Audrey Wood, a seventh grader at North Branch School in Afton, has been named one of six national winners in the Library of Congress’s Letters about Literature program. Catherine Gourley, director of the program for the LOC’s Center for the Book, came to the school May 11 to present Wood’s award personally.
Letters about Literature is a 19-year-old reading and writing program that asks students in grades 4 through 12 to write letters to the authors of books that had a significant impact on the student’s life. This year the program received 70,000 entries from young readers across America, Gourley said. Wood’s letter to Peter Pan author J.M. Barrie won first place for the state of Virginia as well.
In her letter to Barrie, Wood credits his book with keeping people aware of the magic in their lives. She read her letter aloud to her middle school classmates, her extended family and other guests of the award ceremony.
“Magic isn’t just superpowers or unnatural happenings,” Wood wrote. “It’s happiness, wonder, love and imagination. Every little petal, leaf and pebble is like a little miracle exploding with magic. Children can see the magic better because they don’t have as many responsibilities and hard choices to make. Some people lose touch with the magic in their lives as they get older. Peter Pan reminds people of the magic in their lives.”
Wood described how her family often read the book aloud—it was first a favorite of her older sister—and acted out roles from it. Recognizing magic moments—seeing ants carrying leaves bigger than themselves—gives her her favorite feeling, said Wood. Seeing magic makes you wonder why people fight and hate, she said.
Wood’s honor includes a $10,000 reading promotion grant from Target Stores to be given to a school or library. Wood, who also got $500 from Target for herself, donated the money to North Branch School, where she has been a student since the fourth grade. Other national winners this year were in Arkansas, California, Connecticut, Michigan and Massachusetts. Winners come from public, private, and parochial schools and some are homeschooled.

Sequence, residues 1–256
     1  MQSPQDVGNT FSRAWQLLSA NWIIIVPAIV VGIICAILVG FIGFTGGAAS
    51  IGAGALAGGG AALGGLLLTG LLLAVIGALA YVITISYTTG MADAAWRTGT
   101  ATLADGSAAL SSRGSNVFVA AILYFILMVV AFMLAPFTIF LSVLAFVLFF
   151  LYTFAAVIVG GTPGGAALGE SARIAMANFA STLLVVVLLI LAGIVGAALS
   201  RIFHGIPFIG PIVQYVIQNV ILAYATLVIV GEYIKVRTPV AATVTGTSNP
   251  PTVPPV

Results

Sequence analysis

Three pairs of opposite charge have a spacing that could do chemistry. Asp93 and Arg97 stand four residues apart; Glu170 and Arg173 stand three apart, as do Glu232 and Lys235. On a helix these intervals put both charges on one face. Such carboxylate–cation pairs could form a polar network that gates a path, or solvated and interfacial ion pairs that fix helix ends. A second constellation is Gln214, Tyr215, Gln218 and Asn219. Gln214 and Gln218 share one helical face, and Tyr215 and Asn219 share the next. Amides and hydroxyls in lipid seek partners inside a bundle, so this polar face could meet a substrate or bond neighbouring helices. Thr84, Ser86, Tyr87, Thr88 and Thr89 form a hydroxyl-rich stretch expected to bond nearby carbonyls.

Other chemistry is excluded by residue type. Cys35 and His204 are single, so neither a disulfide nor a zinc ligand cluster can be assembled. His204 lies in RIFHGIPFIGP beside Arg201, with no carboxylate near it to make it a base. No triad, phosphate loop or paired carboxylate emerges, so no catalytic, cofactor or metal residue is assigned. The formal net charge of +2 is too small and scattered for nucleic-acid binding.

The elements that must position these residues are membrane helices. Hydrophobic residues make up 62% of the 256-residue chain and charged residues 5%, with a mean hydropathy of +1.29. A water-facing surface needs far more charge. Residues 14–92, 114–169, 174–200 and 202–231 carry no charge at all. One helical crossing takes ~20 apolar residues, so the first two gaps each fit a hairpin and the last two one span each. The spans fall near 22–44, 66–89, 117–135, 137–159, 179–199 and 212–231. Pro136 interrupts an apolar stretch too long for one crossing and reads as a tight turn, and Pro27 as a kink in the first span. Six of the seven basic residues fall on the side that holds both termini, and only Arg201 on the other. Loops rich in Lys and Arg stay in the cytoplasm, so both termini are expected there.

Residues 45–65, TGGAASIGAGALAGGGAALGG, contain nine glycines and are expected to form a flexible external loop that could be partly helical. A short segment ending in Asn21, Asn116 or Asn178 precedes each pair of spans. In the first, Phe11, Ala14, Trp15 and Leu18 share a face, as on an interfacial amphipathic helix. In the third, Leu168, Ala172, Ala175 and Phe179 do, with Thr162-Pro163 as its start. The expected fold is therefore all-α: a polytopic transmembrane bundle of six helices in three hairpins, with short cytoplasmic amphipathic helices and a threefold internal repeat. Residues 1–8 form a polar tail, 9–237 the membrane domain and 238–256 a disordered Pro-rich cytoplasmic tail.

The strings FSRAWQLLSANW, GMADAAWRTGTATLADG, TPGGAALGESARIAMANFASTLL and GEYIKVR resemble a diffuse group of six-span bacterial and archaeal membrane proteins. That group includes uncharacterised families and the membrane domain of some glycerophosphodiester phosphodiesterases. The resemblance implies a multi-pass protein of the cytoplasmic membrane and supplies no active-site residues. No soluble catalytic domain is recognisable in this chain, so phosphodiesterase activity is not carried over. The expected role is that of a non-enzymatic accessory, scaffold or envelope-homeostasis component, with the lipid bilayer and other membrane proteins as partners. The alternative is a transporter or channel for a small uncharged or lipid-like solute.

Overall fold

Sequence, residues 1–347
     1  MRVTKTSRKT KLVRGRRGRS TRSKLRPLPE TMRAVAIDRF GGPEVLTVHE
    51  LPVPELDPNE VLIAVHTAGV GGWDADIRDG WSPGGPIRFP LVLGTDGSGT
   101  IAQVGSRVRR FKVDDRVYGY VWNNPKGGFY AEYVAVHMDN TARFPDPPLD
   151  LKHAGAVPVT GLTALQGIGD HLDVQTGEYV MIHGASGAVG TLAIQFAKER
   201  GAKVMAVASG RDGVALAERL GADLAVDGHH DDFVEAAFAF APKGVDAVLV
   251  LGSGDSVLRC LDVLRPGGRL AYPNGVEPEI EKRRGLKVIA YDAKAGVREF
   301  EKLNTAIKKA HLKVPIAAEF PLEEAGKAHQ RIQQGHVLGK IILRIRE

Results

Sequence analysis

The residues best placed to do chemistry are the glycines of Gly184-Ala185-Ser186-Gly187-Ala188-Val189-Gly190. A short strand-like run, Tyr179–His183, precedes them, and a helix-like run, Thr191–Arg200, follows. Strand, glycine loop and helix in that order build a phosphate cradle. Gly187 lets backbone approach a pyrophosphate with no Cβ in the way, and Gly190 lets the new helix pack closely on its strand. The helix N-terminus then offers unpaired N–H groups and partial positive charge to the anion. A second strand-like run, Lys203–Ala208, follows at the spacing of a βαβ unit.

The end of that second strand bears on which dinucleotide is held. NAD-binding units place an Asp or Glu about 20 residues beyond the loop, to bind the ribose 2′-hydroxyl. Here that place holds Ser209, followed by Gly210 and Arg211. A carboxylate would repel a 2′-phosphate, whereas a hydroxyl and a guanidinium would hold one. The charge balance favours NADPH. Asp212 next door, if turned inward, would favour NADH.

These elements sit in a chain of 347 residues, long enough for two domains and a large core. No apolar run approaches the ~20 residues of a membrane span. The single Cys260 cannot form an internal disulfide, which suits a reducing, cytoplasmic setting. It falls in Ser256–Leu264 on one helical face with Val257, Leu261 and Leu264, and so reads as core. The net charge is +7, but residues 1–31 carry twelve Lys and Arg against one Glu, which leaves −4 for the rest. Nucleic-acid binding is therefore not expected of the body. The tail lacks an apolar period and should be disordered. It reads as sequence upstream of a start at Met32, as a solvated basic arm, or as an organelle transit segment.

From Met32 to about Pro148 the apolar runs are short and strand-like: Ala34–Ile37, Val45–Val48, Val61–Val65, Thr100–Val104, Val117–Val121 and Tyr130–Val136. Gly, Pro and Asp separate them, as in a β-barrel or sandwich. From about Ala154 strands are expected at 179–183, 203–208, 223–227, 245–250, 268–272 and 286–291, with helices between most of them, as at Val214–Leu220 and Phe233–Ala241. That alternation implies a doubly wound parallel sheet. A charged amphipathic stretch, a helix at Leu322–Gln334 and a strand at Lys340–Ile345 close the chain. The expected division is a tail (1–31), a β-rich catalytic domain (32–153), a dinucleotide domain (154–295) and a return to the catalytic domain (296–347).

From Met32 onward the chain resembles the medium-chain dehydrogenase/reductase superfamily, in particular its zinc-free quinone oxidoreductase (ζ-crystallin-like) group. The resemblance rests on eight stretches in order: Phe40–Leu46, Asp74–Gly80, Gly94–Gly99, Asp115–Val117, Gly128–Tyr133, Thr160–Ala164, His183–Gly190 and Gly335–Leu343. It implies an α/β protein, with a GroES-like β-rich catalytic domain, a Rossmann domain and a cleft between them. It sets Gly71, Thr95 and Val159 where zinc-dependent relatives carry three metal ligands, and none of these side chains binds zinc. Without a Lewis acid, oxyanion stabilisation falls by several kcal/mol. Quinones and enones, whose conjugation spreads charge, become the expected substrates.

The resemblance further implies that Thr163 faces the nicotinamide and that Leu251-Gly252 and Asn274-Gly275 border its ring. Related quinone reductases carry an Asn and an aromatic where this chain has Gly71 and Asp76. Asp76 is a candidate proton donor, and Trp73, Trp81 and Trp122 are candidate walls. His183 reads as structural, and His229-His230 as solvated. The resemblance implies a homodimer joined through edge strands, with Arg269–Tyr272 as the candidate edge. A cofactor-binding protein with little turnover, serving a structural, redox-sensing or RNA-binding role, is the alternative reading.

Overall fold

Gourley said a team of 12 at the LOC reads all the submissions and culls the number of them roughly in half. A second round of reading gets the contenders down to about 7,000. Those go back to the states for final selections by new judges. The Virginia Foundation for the Humanities administers the program for Virginia. Winners are chosen for three competition levels. The first groups fourth and fifth graders, another considers sixth, seventh and eight graders, and the last judges high school submissions. State winners’ entries go back to the LOC to be judged by a panel of distinguished writers who review the contenders in two rounds of readings that take four weeks.
“This is a writing contest,” said Gourley. “This program goes beyond facts to think critically. The ability to empathize with characters [in literature] is the aim of literacy.”
She said judges look for personal reflection in the letters submitted and a connection to the book. “How do you see yourself framed in the book?” she explained. “And then, how well is the connection expressed? Writing a reflective letter is not easy. It’s very personal. Wood’s letter stood out for me because I loved Peter Pan, too. Barrie is not thought of much anymore. It’s not Harry Potter.”